- Suspended: If wall space is limited, ceiling-mounted/suspended mini splits install out of the way and can cool a large area. They are often used in commercial, recreational, and educational facilities but can work in any large room or open space. The unit is typically suspended from threaded rods, at least eight feet above the floor, and should be near an exterior wall.
- Floor-Mounted: Is typically installed where the wall and floorboards meet to produce a more noticeable effect of cooled or warmed air. A floor-mounted unit is usually more visible, but low ceilings or high windows do not impede installation. It is suited for an attic bedroom where ceiling slant prohibits the use of a wall or ceiling unit. The indoor unit must not be more than 6 inches above the floor on an exterior wall.
- Indoor Air-Handler: Enables a mini split system to be installed in a large home with a multi-zone configuration. It can serve multiple zones, so you don’t need an indoor unit for every room. Although this requires some ductwork, using an indoor air handler can accommodate large areas such as dens and sections of a home where bedrooms are located. The air handler unit can be installed in a basement, utility closet, or crawlspace.
Advantages and Benefits of Mini Split Systems
Mini splits provide numerous advantages over other types of air conditioning systems, such as:
- Heating/Cooling Options: Some mini-split systems provide only cooling for multiple zones. Other systems provide heating as well, and can provide warmth on a room-by-room basis. They are well-suited for an attic, basement, or sunroom. A mini-split-based heat pump is a highly energy efficient alterative to traditional heating equipment as it moves rather than creates heat.
- Energy Efficiency: Mini splits are among the most energy efficient HVAC systems. They deliver a more precise level of heating or cooling to where you need it. No energy is wasted by cooling rooms you do not use. By eliminating ductwork, you also avoid the energy loss that can occur with duct leakage; Energy Star estimates up to 30% of air in a duct system is lost through leaks, holes, and poor connections.1 Central and window air conditioners operate mainly on two settings (“On” and “Off”) that limit control over indoor temperature. However, mini-split systems use an inverter compressor that adjusts motor speed based on energy demand, conserving energy over time. A traditional system also uses more energy during startup, which isn’t the case with a mini-split system that runs more consistently.
- Room by Room Temperature Control: Each indoor unit is controlled by a separate thermostat, so you can achieve the desired temperature in a bedroom, entertainment area, and other room without expending energy to heat/cool your entire home. You don’t need to cool unoccupied areas and can keep the bedroom A/C turned off until bedtime. By contrast, central air only provides temperature control across all rooms, which can lead to uneven heating or cooling.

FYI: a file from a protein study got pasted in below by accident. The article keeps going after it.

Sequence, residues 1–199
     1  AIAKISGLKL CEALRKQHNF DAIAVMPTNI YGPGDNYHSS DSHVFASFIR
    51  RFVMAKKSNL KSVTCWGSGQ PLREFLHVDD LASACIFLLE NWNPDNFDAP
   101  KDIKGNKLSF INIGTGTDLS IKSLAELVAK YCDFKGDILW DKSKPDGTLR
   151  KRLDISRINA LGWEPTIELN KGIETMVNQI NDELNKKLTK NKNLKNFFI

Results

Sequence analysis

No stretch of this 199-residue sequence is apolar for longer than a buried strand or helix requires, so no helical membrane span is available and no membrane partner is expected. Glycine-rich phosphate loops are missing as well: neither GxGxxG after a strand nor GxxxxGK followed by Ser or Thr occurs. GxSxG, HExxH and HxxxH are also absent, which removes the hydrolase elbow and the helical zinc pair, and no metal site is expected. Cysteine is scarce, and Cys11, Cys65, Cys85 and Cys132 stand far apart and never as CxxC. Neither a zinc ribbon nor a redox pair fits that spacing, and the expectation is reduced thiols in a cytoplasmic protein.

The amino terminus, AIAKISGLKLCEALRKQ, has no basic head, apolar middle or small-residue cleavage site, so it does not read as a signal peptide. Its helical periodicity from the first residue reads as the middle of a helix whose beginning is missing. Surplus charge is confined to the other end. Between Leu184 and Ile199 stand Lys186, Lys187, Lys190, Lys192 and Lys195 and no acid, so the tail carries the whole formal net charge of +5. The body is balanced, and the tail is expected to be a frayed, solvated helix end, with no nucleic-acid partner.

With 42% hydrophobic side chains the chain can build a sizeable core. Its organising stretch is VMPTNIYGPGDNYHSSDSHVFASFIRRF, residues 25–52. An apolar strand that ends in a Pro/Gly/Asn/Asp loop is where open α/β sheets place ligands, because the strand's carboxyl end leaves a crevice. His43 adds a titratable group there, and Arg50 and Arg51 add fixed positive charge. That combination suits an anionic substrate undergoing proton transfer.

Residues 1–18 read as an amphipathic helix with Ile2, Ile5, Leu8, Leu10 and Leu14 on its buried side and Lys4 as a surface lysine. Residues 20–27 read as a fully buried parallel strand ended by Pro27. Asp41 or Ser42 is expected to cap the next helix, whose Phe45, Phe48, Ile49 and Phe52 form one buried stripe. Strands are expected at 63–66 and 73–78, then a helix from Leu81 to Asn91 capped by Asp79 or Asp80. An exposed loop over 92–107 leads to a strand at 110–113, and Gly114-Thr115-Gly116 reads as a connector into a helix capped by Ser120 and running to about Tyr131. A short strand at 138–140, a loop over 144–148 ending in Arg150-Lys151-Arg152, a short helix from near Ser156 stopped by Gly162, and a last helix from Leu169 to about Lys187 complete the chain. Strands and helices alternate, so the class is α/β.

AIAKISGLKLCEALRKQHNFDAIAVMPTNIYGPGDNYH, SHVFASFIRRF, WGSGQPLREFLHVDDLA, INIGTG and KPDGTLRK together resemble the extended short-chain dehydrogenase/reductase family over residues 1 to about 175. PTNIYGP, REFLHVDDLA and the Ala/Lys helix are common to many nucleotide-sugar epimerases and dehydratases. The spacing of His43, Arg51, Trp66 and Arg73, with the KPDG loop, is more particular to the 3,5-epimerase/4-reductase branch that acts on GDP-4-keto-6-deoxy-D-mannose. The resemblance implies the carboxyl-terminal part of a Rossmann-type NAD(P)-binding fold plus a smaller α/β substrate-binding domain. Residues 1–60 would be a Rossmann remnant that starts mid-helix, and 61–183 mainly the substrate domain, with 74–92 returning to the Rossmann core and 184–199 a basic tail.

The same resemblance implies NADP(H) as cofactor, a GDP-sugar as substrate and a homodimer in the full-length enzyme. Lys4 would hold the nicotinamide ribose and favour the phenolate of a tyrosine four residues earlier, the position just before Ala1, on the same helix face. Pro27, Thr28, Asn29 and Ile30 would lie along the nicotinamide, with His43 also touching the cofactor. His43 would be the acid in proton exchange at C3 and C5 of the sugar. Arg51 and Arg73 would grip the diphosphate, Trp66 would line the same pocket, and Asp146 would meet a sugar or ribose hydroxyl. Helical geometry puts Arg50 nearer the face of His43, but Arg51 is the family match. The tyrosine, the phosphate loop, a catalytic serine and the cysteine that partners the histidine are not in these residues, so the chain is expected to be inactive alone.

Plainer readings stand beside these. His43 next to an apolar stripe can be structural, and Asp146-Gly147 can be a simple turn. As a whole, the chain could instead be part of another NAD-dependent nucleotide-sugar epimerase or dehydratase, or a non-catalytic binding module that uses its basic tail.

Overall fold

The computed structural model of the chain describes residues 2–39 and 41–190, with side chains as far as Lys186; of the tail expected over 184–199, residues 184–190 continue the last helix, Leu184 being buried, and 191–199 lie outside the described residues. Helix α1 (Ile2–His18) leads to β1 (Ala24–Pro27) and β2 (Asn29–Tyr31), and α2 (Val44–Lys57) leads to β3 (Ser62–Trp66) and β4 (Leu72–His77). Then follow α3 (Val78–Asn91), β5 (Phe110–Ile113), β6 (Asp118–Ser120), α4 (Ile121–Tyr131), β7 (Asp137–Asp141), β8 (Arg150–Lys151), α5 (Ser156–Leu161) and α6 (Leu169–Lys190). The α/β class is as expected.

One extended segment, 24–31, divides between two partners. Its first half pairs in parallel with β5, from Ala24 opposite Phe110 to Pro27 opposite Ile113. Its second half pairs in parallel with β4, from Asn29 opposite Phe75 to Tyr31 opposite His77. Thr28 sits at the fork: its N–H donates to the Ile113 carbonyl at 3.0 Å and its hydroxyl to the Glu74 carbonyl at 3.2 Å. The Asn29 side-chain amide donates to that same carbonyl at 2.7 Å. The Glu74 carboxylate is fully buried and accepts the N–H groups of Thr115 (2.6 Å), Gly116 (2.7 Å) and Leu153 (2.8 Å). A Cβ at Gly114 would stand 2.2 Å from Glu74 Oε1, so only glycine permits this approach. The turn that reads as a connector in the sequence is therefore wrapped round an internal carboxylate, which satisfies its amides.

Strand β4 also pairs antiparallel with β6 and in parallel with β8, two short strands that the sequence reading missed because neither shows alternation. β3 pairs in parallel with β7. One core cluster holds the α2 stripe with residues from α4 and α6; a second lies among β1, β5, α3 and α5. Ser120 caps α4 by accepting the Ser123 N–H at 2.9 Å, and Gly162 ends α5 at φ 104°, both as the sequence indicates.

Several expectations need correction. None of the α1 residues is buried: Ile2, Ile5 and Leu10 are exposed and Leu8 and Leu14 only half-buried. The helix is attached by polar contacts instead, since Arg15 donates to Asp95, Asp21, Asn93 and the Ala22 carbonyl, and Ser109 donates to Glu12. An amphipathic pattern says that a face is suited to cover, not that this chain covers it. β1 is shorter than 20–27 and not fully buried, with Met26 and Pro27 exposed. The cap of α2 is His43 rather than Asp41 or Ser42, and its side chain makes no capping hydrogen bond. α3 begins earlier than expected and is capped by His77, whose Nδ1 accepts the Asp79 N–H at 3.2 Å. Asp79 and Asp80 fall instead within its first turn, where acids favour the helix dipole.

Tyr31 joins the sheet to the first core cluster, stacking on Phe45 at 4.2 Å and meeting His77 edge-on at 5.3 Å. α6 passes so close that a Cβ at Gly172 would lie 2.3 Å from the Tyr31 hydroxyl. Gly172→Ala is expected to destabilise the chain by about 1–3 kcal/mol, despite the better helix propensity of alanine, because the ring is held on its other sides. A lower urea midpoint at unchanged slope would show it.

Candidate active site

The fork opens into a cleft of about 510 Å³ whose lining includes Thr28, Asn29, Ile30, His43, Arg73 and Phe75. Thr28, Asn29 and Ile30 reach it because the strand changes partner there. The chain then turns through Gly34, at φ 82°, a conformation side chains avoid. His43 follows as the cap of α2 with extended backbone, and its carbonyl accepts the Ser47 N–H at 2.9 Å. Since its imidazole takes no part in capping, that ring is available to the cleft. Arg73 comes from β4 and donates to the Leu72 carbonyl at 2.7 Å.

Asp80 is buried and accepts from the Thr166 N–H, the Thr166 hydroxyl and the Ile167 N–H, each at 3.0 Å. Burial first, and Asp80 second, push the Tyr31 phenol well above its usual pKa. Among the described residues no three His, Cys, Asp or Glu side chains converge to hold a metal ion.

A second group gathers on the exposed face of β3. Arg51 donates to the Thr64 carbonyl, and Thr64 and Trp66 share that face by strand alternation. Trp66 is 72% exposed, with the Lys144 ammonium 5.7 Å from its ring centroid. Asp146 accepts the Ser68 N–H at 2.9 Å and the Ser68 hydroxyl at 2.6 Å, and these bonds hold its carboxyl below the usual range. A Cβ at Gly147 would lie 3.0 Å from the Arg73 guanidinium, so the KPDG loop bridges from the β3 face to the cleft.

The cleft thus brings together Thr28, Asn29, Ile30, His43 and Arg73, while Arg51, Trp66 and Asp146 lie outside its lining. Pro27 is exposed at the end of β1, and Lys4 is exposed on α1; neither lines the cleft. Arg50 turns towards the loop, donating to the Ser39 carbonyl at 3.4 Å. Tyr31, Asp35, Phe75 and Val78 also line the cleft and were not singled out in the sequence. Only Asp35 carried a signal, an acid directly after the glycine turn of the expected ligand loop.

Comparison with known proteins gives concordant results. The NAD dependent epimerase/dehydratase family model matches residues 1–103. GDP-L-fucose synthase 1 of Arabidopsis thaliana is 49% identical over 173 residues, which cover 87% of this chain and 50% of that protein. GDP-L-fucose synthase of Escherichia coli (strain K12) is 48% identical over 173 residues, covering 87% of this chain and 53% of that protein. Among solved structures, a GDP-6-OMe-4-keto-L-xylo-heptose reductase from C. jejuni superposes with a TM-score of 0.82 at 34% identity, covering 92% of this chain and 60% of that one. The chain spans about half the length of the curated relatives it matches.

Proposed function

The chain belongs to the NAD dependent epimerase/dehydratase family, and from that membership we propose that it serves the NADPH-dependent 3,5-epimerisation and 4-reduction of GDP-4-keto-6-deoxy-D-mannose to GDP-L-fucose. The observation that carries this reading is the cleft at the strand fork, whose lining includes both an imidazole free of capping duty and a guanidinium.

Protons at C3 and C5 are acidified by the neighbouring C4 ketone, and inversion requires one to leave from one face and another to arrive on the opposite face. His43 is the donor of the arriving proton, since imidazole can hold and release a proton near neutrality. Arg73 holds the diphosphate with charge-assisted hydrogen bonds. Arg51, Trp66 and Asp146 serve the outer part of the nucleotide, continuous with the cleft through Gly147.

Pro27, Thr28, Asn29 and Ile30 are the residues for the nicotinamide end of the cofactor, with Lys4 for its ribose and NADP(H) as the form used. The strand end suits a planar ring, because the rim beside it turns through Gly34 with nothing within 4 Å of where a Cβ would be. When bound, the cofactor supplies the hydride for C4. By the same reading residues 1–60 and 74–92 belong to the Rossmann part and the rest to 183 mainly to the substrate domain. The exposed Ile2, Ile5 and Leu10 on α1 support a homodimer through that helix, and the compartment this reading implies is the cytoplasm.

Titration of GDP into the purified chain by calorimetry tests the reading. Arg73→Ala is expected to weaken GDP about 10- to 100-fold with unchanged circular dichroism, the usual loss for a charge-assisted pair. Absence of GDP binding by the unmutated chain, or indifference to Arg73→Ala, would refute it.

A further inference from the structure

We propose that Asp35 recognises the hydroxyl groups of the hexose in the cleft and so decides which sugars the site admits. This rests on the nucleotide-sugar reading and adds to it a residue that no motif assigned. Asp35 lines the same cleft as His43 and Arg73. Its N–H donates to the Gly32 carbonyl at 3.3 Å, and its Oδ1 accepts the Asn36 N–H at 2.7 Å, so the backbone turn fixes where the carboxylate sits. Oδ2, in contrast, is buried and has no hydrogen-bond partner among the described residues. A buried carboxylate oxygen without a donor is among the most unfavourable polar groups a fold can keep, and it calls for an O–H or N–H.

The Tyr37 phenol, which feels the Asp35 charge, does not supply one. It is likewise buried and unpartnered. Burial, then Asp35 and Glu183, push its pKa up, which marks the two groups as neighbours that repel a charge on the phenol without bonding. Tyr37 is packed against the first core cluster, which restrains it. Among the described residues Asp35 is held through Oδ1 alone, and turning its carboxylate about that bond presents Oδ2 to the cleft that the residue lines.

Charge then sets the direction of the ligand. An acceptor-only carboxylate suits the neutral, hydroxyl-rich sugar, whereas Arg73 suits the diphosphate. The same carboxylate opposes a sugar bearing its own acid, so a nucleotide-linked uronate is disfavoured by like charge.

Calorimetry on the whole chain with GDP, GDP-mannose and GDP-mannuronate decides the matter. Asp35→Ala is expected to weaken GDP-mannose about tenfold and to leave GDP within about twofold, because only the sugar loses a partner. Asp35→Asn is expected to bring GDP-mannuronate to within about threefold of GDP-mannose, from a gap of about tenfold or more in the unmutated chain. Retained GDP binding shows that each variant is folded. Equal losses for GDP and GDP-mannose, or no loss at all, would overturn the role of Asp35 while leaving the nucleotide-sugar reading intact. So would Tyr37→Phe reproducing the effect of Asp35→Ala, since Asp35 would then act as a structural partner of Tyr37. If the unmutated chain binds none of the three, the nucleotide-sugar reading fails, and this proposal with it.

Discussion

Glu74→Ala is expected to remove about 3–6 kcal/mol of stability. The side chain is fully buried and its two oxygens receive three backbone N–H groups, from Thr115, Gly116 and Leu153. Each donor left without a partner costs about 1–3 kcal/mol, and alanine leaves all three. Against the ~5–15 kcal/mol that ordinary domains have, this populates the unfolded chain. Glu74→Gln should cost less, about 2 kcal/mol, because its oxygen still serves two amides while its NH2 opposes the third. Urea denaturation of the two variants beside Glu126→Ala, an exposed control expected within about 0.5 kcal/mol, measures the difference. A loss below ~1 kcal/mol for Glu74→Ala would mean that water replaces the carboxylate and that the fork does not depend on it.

- Quiet Operation: The only indoor component that produces noise is the fan. The compressor is placed outside, eliminating the noise associated with window or thru-wall air conditioners. Mini split indoor units can operate at as low as 19 dB. But even outdoor units are quiet compared to central air systems, so environmental noise is not a problem.
- Flexible Installations: The many types of indoor units include numerous sizing options to choose from. They come in different shapes as well to accommodate the size and layout of your interior space. Wall-mounted units can be imposing if there’s limited room, but ceiling cassette units are barely noticeable. They also don’t require a window, so can be used to cool/heat windowless rooms.
- Better Indoor Air Quality (IAQ): Ductless mini-split system filters are highly effective at removing dust, pollen, and other allergens as well as mold and bacteria. These can easily settle within ductwork and be re-circulated back into your home, so a mini-split model can improve your indoor environment. Filters are generally washable and can be re-used over and over, but periodic replacement is simple and beneficial as well.
Installation and Options
Mini split air conditioners must be professionally installed as the job requires the installation of refrigerant lines and drilling of holes in an exterior wall. Many units must be attached to brackets and other hardware. There are a lot of considerations, but a professional installer can help you make important decisions such as picking the right system for your home and accounting for: